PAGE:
Paid Advertisement
Historynet/feed historynet feedback facebook link Weider History Group RSS feed Weider Subscriptions Historynet Home page

How the Allies Left U-Boats Dead in the Water

By Stephen Budiansky 
Originally published by World War II magazine. Published Online: July 30, 2010 
Print Friendly
2 comments FONT +  FONT -

The decision that had placed an American escort carrier—the USS Bogue—and its aircraft in position to catch the U-118 at a refueling rendezvous had not been made lightly. Top American navy officials knew that in doing so they risked giving away the greatest Allied secret of the war: the breaking of the Germans' Enigma cipher. But they had been persuaded by a small team of civilians—an odd collection of mathematicians, insurance actuaries, theoretical physicists, biologists—that targeting the German tankers would be a literally war-winning strategy worth the risk.

Few of the scientists, a group of men very few people within the navy even knew existed, had ever set foot on a ship or fired a gun. They worked behind doors labeled with cryptic names like ASWORG and ORS, surrounded by punch cards and papers filled with equations, graphs, and tables. But they had already won the trust of the brass with a series of almost oracular feats that had begun to turn the tide in the war against the U-boats. Where the Germans as recently as the fall of 1942 had been sinking close to 100 Allied merchant ships a month, pushing the toll menacingly close to the point that would imperil Britain's very survival, by the summer of 1943 they were down to half that. To put an end to the U-boat menace once and for all the U.S. Navy was now prepared to risk everything—based on little more than the calculations of some very non-naval academics.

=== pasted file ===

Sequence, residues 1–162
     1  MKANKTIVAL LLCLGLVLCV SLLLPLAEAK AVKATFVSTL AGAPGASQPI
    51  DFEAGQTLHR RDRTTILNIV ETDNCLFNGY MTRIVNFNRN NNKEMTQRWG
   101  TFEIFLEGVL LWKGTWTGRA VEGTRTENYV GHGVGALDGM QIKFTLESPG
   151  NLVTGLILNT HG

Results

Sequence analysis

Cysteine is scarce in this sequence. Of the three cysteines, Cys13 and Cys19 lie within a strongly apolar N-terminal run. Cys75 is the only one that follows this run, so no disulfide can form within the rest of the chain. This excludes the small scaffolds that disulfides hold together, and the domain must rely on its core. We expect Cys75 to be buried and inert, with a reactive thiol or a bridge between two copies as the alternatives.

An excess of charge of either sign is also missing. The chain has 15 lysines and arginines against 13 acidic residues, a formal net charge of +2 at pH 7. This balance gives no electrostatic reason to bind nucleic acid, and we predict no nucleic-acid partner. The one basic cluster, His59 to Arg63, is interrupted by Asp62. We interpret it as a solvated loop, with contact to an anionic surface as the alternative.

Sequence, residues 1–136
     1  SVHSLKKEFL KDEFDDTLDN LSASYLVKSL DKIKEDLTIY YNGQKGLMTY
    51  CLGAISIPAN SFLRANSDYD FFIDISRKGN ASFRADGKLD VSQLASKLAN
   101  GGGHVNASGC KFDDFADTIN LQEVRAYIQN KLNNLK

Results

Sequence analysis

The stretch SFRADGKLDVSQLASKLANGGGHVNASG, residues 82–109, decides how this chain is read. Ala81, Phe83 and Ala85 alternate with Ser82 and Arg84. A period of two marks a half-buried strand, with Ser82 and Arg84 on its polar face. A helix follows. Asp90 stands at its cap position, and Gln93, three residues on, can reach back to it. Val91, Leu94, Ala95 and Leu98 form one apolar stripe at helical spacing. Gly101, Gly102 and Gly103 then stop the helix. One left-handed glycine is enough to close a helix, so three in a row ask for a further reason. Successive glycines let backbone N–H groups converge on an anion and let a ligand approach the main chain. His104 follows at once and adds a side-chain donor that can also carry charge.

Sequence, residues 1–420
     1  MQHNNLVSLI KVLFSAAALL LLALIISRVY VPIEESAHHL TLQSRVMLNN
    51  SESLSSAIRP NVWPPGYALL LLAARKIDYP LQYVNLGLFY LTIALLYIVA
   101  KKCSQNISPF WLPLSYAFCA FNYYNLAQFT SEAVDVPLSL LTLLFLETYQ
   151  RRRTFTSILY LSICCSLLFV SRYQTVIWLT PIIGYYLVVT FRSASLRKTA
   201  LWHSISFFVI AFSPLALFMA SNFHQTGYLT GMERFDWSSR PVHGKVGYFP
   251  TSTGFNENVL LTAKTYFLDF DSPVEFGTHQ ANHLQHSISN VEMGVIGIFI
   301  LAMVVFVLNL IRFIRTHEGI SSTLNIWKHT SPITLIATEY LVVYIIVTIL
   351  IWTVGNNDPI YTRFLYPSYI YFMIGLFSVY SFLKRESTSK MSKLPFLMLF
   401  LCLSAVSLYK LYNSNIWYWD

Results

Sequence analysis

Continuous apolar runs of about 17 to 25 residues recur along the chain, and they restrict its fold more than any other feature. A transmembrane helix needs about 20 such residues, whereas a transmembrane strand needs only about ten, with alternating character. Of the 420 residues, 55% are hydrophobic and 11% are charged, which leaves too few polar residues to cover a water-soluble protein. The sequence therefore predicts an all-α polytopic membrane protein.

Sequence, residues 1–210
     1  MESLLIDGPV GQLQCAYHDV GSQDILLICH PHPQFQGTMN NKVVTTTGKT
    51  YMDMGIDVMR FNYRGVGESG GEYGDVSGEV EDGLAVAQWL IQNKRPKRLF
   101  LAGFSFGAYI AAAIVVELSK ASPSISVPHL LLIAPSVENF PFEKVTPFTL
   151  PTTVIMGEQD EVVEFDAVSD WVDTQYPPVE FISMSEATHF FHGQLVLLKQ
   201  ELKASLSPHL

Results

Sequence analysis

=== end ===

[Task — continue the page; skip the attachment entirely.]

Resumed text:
Subscribe Today

Subscribe to World War II magazine

Though many factors contributed to the ultimate victory over U-boats—new weapons, better radar, the intelligence

P. M. S. Blackett went on to win the 1948 Nobel Prize in  physics.
P. M. S. Blackett went on to win the 1948 Nobel Prize in physics.